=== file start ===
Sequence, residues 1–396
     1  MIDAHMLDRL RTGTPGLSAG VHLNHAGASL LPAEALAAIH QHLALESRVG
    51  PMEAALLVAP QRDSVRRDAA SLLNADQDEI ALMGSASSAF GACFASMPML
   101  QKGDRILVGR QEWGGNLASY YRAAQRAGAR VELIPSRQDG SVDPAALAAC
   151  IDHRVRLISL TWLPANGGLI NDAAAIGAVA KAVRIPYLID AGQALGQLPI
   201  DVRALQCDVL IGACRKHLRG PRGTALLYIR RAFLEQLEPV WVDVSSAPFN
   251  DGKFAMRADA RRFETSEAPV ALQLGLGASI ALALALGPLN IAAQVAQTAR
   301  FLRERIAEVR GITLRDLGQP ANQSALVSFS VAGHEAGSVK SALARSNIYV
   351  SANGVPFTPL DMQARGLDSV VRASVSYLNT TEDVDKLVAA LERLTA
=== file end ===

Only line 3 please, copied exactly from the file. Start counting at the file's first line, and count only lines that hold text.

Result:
    51  PMEAALLVAP QRDSVRRDAA SLLNADQDEI ALMGSASSAF GACFASMPML